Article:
RUTH HOMMELSHEIM | Nach der Natur (After Nature)
Opening: Friday, 15 November 2013, 7 p.m.
Exhibition: 16 November - 14 December2013
Lecture Performance: Christopher Dell | Monodosis - Thursday, 29. November 2013, 7 p.m.
Nach der Natur (After Nature)
When using the word “nature” in everyday life we expect to be understood. Content-wisely, however, we most often mean to denote something vague such as, for instance, something “authentic”, “holistic”, or, very simply, “given”. As such, “nature” is a collective term with which we traditionally seek to describe those areas of reality we consider as having come to being independent of man, of man’s contribution. The current political discourse appears to indicate that we can no longer speak of nature straightforwardly. More so: the power structures and image politics the word nature is embedded in are eroding its very entity. Speaking with Bruno Latour, we thus witness the “total dissolution of nature”.
Point of departure of the work Nach der Natur by Ruth Hommelsheim was a critique of the meaning of the term nature by means of a concrete situation. Over the course of several years the artist photographed the changes in the former strip-mining regions of Lusatia. That landscape its subject, Hommelsheim’s work cycle shows a double movement: the realization of a production of nature – in the form of renaturation – as well as the echo of an exploitation of nature originating in the industrial age, one whose foundations were based on an opposition still between nature and culture. Furthermore the title Nach der Natur addresses the increasingly problematic character of the term “nature” with the aid of its most effective topos - that of landscape. In the specific way its image objects suggest landscapes the line of works actually performs its detachment from the representation of landscape, thereby focussing on that semantic blank position the word “nature” confronts us with today.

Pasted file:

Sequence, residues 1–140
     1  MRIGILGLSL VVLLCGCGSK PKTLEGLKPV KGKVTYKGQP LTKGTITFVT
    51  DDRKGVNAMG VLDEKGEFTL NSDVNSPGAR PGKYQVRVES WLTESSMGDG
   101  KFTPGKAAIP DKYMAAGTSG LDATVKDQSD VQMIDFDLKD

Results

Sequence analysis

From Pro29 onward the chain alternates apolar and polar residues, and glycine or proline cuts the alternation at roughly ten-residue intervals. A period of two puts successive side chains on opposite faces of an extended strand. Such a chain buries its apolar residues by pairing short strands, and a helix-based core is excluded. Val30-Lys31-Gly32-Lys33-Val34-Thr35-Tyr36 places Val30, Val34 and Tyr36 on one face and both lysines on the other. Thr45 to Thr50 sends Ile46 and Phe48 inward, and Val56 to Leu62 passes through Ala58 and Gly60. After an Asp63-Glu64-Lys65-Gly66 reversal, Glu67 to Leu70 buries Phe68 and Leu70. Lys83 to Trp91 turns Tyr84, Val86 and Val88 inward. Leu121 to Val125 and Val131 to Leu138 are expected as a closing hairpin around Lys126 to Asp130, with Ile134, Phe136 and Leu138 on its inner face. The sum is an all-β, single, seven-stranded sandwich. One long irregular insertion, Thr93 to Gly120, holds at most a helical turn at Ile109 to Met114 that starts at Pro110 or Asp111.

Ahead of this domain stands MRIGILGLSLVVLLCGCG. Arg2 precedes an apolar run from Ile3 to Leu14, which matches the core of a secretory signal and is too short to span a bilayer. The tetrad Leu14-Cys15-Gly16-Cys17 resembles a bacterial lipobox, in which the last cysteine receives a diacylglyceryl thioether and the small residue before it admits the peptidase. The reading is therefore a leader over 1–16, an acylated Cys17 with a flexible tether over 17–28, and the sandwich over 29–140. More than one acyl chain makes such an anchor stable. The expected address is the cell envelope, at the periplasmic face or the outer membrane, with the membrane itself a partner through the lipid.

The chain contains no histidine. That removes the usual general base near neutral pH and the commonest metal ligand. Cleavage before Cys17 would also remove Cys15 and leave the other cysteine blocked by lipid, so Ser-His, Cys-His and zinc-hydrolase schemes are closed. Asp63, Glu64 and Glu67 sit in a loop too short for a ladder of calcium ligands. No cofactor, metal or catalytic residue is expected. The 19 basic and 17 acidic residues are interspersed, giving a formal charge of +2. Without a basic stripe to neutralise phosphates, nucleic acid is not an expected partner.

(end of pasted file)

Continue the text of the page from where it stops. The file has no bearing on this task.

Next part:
Within the works by Ruth Hommelsheim Nach der Natur stands for yet another, specific, way of confronting the relational. It is informed by the approach of understanding the world not as an object or vessel but as a relational context of reference. Therefore the pictures show not so much landscapes but refer to a relation: to the relation we maintain with what we call nature.